The United States has had a number of volcanic eruptions in the past. Among them, the most serious major eruption happened back on May 18, 1980, in the state of Washington. The mountain that caused that major eruption was none other than Mount St. Helens, which is located in the state’s Skamania County. To this day, it is still classified as the most destructive in the history of the US.
Volcanism in the US
There are approximately 200 active volcanoes in the United States, with the states of Alaska, Hawaii, Oregon, California, and Washington having the most active volcanoes in the country. Hawaii is home to the world's largest active volcano, Mauna Loa. The 1980 eruption of Mount St. Helens is considered the last major eruption in the US. The eruption in Washington was classified as a VEI 5 event, that is, the Volcanic Explosivity Index, which is a measure of an earthquake’s explosiveness. The scale runs from one to eight with a higher number meaning a higher explosiveness of the eruption. Prior to the eruption, there were a series of earthquakes and steam emissions for a period of around two months as well as some magma.
1980 Mount St. Helens Eruption
On May 18, 1980, at exactly 8:32:17 a.m. (UTC−7), a strong earthquake of magnitude 5.1 triggered a massive landslide. On that Sunday, all the prior build-up to the eruption caused the biggest earthquake in the history of the US. The landslide traveled at speeds of between 110 and 155 miles per hour. The result of the landslide was the exposure of the mountain’s dacite magma at the neck of the mountain. The gas-charged molten rock and steam exploded a few seconds later. The ensuing projectiles hurled by the eruption traveled at speeds of about 670 mph. Some scientists estimate that they may have traveled at speeds higher than sound.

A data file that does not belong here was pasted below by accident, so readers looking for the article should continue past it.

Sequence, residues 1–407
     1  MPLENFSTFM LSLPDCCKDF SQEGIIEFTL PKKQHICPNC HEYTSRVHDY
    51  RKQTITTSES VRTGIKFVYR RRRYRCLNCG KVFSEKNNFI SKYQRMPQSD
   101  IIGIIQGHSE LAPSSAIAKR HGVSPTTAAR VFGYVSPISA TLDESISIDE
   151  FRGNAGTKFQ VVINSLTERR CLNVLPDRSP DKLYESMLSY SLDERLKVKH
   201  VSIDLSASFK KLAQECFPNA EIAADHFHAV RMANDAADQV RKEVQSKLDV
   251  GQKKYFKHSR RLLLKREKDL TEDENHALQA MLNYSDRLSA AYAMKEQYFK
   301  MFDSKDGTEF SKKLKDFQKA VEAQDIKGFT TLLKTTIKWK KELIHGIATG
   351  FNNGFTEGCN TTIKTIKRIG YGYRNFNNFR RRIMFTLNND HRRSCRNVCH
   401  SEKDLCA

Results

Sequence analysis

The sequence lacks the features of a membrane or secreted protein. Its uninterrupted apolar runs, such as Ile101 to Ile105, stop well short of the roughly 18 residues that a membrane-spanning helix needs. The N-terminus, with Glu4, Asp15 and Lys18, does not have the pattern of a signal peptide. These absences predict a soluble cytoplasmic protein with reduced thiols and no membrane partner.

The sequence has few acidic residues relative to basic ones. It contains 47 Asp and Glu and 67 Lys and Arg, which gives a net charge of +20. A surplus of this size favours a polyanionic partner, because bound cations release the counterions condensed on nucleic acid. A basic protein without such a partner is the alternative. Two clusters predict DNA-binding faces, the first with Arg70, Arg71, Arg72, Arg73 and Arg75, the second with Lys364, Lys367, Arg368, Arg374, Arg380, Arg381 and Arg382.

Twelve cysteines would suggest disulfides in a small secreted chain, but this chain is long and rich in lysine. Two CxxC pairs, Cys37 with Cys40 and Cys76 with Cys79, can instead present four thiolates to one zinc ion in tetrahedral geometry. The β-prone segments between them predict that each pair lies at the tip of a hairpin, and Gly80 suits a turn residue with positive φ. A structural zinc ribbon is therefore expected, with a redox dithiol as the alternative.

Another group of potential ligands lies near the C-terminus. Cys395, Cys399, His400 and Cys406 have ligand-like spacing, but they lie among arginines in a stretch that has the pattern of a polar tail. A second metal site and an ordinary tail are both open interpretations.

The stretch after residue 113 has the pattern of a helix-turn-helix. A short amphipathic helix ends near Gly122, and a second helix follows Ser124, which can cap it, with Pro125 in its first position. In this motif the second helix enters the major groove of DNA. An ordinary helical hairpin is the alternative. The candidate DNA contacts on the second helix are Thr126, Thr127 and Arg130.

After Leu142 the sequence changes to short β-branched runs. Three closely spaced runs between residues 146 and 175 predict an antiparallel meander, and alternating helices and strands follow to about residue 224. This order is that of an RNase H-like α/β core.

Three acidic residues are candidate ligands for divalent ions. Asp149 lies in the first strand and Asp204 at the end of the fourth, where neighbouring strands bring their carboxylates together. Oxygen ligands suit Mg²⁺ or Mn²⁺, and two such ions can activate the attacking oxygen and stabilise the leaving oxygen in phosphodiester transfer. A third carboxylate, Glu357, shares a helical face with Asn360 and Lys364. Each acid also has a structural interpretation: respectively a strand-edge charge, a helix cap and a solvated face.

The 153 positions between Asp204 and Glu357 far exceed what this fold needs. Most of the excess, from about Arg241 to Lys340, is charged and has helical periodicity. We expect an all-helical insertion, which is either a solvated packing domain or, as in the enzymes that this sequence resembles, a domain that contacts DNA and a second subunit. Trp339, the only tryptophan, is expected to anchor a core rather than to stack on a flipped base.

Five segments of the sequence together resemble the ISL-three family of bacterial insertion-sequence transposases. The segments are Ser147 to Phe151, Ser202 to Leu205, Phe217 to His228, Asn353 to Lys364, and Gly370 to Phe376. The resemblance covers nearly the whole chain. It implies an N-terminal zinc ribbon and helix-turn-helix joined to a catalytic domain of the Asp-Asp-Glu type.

The flow of the pyroclastic material spread outward and covered an area of about 23 miles wide and a length of around 19 miles. About 230 square miles of forest cover was destroyed while the heat went further and destroyed life outside the range of flow. Flow material at high temperature was also able to reach North Fork Toutle River and Spirit Lake. The contact between water and the hot material caused secondary steam explosions whose sound traveled as far as British Columbia, northern California, Idaho, and Montana. Interestingly, areas close to the blasts did not hear the sounds. In addition to all this, an ash column shot up into the sky to a height of about 12 miles. To put the eruption in perspective, the thermal energy released by the eruption was about 24 megatons, which was about 1,600 times the bomb that destroyed Hiroshima.
Immediately after the eruption, it was established that there was a loss of human life as well as property. Around 57 people were killed while property including 47 bridges, 200 houses, 15 miles of railway line, and 185 miles of highway was ruined. Indirectly, two more people died due to reduced visibility from the ash while two others died while shoveling ash. In addition, plenty of agricultural crops including potatoes, wheat, apples, and others were destroyed. Animal life, including fish species in rivers and water bodies, was also lost. A day later, a second eruption occurred although there was no loss of life.